In Ground: For tender plants in the ground, watering the soil during the day helps hold warmth in the ground around the plants and hydrates the plants (dried out plants are more susceptible to frost damages). Covering with grow covers, light sheets ‘tented’ over the plants, using upside down pots, cardboard boxes, glass jars, milk jugs or just about any solid structure, as well as tomato cages wrapped in protective covering, etc. will help. Do not lay plastic on plants – use plastic only if you can create a greenhouse over the plants, and the plastic does not touch the plants. Be cautious laying any material directly on plants, as rain or snow could weigh down the material and cause physical damages to the plants. ‘Tenting’ is your best bet, and make sure all coverings are secured. For larger flowering trees or shrubs, or plants taller than you, generally leave them be.
Uncovering: If the daytime temperatures (after the frost night) go into the upper 40’s, be sure to uncover the plants during the day (once into the mid 40’s) and be ready to re-cover the plants should they need protection the following night.
Can’t Cover Plants: For light frosts, where you can’t cover, or it was a surprise frost, try spraying your plants, before the sun comes up, with a soft stream of cold water. This has varying results, but worth the try with light frosts to help minimize frost damage.
Whether your yard will have frost depends on each location. Watch the weather and watch the thermometer to see if the temps dip below 40 degrees (upper 30’s can have frost). Not sure what to do? When in doubt, cover or put the plants away.
(Buggy Joe Boggs (OSU Extension) will be coming out of hibernation shortly!)
Tuesday, March 27th, 2012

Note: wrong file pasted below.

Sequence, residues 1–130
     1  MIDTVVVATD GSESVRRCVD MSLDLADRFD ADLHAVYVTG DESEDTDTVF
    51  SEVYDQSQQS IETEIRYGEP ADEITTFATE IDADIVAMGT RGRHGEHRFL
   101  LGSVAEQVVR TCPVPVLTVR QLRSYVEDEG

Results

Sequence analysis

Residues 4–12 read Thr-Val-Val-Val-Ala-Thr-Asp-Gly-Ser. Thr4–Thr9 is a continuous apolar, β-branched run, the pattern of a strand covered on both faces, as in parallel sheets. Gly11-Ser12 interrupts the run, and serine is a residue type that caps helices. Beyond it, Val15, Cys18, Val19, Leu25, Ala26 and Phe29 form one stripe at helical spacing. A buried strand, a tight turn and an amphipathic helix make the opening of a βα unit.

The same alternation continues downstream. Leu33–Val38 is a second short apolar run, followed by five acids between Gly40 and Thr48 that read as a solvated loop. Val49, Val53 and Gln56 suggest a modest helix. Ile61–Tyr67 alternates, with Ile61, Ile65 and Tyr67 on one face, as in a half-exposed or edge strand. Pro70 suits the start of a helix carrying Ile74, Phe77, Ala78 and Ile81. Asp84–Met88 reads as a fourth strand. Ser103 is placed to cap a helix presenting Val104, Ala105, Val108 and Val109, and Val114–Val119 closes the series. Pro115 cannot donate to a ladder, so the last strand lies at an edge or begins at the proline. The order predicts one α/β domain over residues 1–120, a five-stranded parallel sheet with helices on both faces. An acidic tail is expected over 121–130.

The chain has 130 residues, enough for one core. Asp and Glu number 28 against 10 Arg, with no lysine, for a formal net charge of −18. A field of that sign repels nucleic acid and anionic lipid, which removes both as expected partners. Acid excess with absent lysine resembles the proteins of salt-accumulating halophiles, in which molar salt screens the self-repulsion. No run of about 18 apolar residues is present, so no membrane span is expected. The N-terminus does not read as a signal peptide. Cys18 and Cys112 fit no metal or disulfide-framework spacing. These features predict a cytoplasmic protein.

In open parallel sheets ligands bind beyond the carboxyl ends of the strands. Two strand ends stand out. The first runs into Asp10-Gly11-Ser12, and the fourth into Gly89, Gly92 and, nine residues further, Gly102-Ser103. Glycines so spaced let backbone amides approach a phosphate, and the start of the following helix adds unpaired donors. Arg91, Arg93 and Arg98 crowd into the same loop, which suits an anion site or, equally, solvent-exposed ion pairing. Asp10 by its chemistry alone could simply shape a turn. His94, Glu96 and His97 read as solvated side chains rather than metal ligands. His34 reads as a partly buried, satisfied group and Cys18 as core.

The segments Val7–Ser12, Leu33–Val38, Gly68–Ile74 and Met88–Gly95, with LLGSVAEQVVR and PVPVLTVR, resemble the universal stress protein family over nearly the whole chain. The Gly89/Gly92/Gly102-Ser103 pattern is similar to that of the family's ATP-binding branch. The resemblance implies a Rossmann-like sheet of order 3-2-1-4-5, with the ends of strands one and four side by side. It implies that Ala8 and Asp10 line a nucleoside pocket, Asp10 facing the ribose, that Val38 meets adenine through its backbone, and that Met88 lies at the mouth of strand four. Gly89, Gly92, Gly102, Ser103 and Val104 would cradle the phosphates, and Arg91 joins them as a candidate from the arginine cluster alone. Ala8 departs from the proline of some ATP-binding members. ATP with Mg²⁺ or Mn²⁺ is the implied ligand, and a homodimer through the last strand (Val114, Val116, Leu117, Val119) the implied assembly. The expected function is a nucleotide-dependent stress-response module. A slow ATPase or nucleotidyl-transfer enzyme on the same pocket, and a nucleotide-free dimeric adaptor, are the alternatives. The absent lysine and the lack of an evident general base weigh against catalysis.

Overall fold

Garden Questions of the Week
“My Boston and Kimberly Queen ferns made it thru the winter, but really look thin and no so attractive. What can I do to make them look better?” -Great question, as this happens to many folks and they just throw the ferns away. Get drastic and cut them off, totally, about 2 inches above the top of the pot. Water as needed, maybe even do a little water soluble fertilizer, and sit back. 99.9% of the time, they totally re-grow and you have a brand new fern! Yes, always a risk they won’t, but it’s the best way I know to get them looking better after falling apart over the winter. Give them time, but they will re-grow.
“I need to treat my boxwood to help control boxwood psyllid and boxwood leafminer, and I want to treat my ash trees to protect against the Emerald Ash borer. When do I apply the systemic insecticide?” -The systemic insecticide is imidacloprid and is found in Bayer, Fertilome and Bonide Tree and Shrub Insect control. For the boxwood, apply it now as a soil drench for the psyllids and leafminers – fall is a good time as well. For the ash trees, wait until they are closer to leafing out before application – .fall works as well. Don’t forget you can use this for rose slug protection on your roses as well.
“I know it’s too early for tomatoes and peppers, but what can I be growing in the garden right now?” -Early crops for the garden include potatoes, onions, garlic, beets, carrots, chard, leaf lettuce, mustard greens, peas, radishes, spinach, turnips, and don’t forget to plant rhubarb, horseradish and asparagus as well. AND YES, ALL OF THESE CAN BE GROWN IN CONTAINERS! I LOVE HORSERADISH IN CONTAINERS!
“I get confused on when to prune flowering plants? Can you help?” -There are exceptions to the rule, but the general rule of thumb is this…if it flowers in the spring, that means it flowers on last year’s growth, so prune it after it flowers. If it flowers in the summer or fall, that means it flowers on new growth, so prune it in the spring. And for most needled and leafy evergreens, get their pruning done before the new growth starts.